21. Dilemma in this case • Macintyre J would have convicted on recklessness but this conflicts with findings of fact at trial of honest mistake • TJ also used wilful blindness, but not in the technical sense, more like “should have known” • Recklessness distinguished from wilful blindness

  22. Wilful blindness • Requires awareness of need for further inquiry • Application to the facts here problematic • Cannot simultaneously have an honest belief in consent and find him wilfully blind as to consent

  23. Comment on Sansregret • Discussion of wilful blindness sounds like gross negligence • Illustrates problems with requiring subjective test for some crimes • Sansregret one of the factors leading to change in the law regarding mistaken belief in consent • Now cannot claim mistake unless the accused has taken reasonable steps to ascertain whether the accused was consenting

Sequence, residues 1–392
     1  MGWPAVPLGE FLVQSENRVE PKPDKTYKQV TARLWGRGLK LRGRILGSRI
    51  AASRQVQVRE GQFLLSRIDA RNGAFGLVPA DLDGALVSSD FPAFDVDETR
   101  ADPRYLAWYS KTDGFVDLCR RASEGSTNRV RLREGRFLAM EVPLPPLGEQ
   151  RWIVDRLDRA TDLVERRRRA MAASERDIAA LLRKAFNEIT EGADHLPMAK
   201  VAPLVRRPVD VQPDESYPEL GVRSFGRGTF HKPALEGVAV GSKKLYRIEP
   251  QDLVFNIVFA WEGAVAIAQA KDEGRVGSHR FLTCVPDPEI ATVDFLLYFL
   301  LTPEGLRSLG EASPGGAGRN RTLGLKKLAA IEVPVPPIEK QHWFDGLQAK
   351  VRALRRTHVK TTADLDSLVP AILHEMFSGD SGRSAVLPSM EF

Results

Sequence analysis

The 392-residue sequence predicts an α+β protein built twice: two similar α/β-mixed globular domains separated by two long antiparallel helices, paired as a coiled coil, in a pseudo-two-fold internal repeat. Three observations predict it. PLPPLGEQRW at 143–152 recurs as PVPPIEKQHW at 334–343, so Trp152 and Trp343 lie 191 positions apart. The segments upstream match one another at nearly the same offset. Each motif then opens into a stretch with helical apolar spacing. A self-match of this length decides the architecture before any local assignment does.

24. The (in)significance of motive. Motive is: • Why the actor acted • Not the same as intention • Ordinarily not an aspect of mens rea • Crimes with no motive may still be intentional

  25. Lewis • Facts: Lewis mailed a kettle bomb that killed Tatlay’s daughter and charged with murder • No evidence of motive

  26. Propositions “In most criminal trials ..the Court is concerned, relates to ‘intent’ ie the exercise of free will to use particular means to produce a particular result, rather than with “motive” ie that which precedes and induces the exercise of the will. The mental element of a crime ordinarily involves no reference to motive”

  27. Propositions (cont) • Motive is always relevant evidence and admissible • Motive is legally irrelevant • Motive is a question of fact • The significance of motive depends on the case (cf Tatlay and Lewis)

  28. Application to facts • Mens rea issue is whether Lewis mailed the package with the knowledge of its contents, then specific intent to kill arises by inference